This is an annotated version of a Minimal Working Example based on a corrected version of the code posted in the question. Colours are used to indicate which elements of the existing diagram are associated with particular labels. Blue, red and green show labels added to the three nodes as part of the \node operation. Orange, magenta and cyan-blue show ...


3

Please post a M[W]E next time. Here is an illustration of how to place nodes close to existing nodes or lines : \documentclass{article} \usepackage{tikz} \usetikzlibrary{shapes} \begin{document} \begin{center} \tikz { \node[draw, rounded rectangle] (a) at (0,2) {Sales Response}; \node[draw, rounded rectangle] (b) at (5,2) {Optimal Labor}; \node[draw, ...


4

You should use a dimension for shorten: \draw[shorten >=-2pt] (0,1) -- (3,5); Then you can use calc to find the same point with ($(3,5)!-2pt!(0,1)$). See: \documentclass[border=10pt]{standalone} \usepackage{tikz} \usetikzlibrary{arrows.meta,positioning,calc} \begin{document} \begin{tikzpicture}[] \draw[thin, gray] (0,0) grid (5,5); \...


3

A PSTricks solution: \documentclass{article} \usepackage{pstricks} \begin{document} \begin{pspicture}(7,6) \psset{ dimen = m, fillstyle = solid, fillcolor = blue!60, framearc = 0.2 } \pspolygon(0.7,1.5)(2.8,4.5)(3.4,4.5)(1.3,1.5) \pspolygon(6.3,1.5)(5.7,1.5)(3.6,4.5)(4.2,4.5) \pspolygon(2,0.5)(2,1)(5,1)(5,0.5) \psframe[...


0

Well, after looking on this and other references, I think, it is too difficult for me than needed. So, I fixed it by using arrow and rectangle... \documentclass[12pt]{article} \usepackage{tikz} \usetikzlibrary{shapes,arrows,shapes.geometric,positioning,patterns,arrows.meta} \begin{document} \thispagestyle{empty} \begin{center} \begin{tikzpicture}[ ...


3

All frames must share the same, manually inserted bounding box (in 2D screen coordinates) in order to override the automatic, TikZ-computed ones (which may differ from frame to frame). For parameterized pictures within the animateinline environment, the \multiframe command is to be preferred over \whiledo: \documentclass{article} \usepackage{tikz} \...


2

It should be at start rather than start: \documentclass[tikz,border=10pt,multi]{standalone} \usepackage{tikz-3dplot} \begin{document} \tdplotsetmaincoords{70}{115} \begin{tikzpicture}[tdplot_main_coords] \def\laxis{7} \def\xtriangle{3} \def\ytriangle{4} \def\ztriangle{5} \def\ltick{.2} %%% axes \draw [->] (0,0,0) -- (\laxis,0,0) node [...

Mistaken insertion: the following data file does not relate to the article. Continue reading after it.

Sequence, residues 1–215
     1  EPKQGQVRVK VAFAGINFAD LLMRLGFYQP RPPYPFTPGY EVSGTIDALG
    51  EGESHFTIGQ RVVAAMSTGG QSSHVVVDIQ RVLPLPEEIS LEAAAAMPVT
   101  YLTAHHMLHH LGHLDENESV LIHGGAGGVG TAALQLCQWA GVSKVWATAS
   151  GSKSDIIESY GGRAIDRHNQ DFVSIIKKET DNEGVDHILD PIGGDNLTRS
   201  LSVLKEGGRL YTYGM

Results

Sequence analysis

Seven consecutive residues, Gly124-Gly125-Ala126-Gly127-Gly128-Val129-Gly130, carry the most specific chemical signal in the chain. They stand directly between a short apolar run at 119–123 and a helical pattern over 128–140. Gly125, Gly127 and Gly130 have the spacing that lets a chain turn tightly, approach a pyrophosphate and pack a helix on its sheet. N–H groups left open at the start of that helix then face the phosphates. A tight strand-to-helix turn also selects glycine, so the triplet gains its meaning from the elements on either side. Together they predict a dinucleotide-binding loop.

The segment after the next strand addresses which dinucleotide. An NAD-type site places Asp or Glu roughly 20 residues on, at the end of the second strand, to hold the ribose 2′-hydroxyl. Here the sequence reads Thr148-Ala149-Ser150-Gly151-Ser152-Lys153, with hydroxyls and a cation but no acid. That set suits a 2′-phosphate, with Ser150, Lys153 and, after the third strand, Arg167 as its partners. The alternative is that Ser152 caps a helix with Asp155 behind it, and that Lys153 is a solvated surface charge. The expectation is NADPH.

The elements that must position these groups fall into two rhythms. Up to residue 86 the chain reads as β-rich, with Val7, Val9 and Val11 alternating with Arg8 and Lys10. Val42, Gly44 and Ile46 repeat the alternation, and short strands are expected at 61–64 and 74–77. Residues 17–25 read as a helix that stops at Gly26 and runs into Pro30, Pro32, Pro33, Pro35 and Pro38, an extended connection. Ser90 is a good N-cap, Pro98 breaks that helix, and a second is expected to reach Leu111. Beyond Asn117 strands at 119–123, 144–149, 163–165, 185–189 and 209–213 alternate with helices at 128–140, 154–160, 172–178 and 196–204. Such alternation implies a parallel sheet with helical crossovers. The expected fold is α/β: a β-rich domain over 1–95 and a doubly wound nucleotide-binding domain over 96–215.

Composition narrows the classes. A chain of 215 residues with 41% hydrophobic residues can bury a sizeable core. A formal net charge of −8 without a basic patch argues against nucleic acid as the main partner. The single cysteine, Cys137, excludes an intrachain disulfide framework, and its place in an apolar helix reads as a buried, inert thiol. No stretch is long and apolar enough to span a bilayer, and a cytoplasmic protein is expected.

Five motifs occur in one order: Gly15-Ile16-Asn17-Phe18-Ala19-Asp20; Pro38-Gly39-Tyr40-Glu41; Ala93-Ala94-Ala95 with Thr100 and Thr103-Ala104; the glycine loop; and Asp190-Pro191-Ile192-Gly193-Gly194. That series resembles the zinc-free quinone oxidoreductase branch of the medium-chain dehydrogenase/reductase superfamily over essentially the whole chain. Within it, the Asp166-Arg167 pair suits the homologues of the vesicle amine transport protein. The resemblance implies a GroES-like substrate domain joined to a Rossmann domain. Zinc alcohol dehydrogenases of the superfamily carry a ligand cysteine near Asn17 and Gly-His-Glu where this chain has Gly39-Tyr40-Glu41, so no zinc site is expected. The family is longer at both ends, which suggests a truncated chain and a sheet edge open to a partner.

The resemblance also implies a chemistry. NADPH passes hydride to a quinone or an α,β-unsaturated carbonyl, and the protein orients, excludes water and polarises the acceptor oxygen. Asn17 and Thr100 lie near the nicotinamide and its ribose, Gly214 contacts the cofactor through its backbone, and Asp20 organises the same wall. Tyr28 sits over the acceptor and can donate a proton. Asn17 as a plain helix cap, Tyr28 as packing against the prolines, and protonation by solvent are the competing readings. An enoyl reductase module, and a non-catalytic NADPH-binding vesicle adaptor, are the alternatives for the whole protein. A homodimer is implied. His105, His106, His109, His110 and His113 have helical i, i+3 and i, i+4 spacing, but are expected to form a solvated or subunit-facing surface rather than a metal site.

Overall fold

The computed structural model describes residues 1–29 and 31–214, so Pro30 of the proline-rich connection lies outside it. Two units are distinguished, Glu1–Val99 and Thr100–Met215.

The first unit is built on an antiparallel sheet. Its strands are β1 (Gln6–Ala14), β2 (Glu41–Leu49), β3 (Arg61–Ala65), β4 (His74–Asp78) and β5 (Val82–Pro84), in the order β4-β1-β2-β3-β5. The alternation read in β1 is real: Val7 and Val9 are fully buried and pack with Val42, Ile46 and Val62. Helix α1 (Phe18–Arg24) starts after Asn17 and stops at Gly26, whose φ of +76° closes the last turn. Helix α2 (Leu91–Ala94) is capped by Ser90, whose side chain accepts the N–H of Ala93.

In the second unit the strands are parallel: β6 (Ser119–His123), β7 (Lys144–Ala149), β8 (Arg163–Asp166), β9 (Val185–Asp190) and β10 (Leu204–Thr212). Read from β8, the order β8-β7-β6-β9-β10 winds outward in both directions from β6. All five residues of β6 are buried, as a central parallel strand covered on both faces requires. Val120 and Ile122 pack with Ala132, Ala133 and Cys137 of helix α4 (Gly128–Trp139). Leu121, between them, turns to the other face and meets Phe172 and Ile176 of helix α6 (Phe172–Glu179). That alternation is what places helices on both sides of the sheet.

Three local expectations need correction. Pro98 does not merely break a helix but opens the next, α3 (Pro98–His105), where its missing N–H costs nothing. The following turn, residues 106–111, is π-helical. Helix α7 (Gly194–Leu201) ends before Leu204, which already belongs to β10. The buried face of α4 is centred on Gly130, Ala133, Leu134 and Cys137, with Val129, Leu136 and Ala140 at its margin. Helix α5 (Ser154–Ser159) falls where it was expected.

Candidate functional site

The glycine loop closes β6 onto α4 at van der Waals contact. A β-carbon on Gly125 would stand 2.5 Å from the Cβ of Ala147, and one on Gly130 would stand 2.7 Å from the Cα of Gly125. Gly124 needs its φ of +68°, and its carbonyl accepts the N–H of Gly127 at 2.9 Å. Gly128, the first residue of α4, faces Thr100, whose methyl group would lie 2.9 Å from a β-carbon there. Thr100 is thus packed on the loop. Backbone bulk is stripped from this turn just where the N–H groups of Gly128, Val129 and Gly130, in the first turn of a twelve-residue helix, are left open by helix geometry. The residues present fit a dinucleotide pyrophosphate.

7

I would use a split approach, really -- I am posting this here because I am sure that someone with LUA skills will integrate it in a standalone LaTeX source. It happens I know python... and I will learn from the other answer :-) So I created this quick and dirty python script to find the intercepts, by linear interpolation: #! /usr/bin/env python3 # # ...


4

You could do this simply by adding the line \setlength{\abovedisplayskip}{0pt}to your code, which controls the space above equations which are in display-mode (as in not textmode) Output Code \documentclass[varwidth=true, border=2pt]{standalone} \usepackage{pgfplots} \usepackage{tikz} \usetikzlibrary{shapes,arrows} \pgfplotsset{compat=1.13} \usepackage{...


1

Based on the solution given by jlv, \begin{scope} \clip (12.61,-1.01) rectangle (12.97,-.888) ; \fill[ opacity=.4,color=blue] (12.61,-1.01) ..controls +( .46,.05) and +( .135,-.0811 ) .. (12.839,-.81) -- (12.88,-.75) .. controls +( .1,-.0811 ) and +( .4,.083) .. (12.68,-.96); \end{scope} \begin{scope} \clip (12....


3

This is not a complete answer, but will hopefully get you going in the right direction. If I understand it correctly, this question is a difficult one, since you are essentially trying to find the "maximum" point of a bent curve so that you can fill up the space to that point. The naive solution is to use \fill with the same path coordinates you have, ...


1

It is a bit misleading to say pic actions are limited. Of course, they are limited, just like everything else. A hammer is limited: it can't boil water. I think the problem is that you are trying to make them do something they are not designed for and, possibly, trying to use pics for something they weren't designed for. pics are easy to create but, as is ...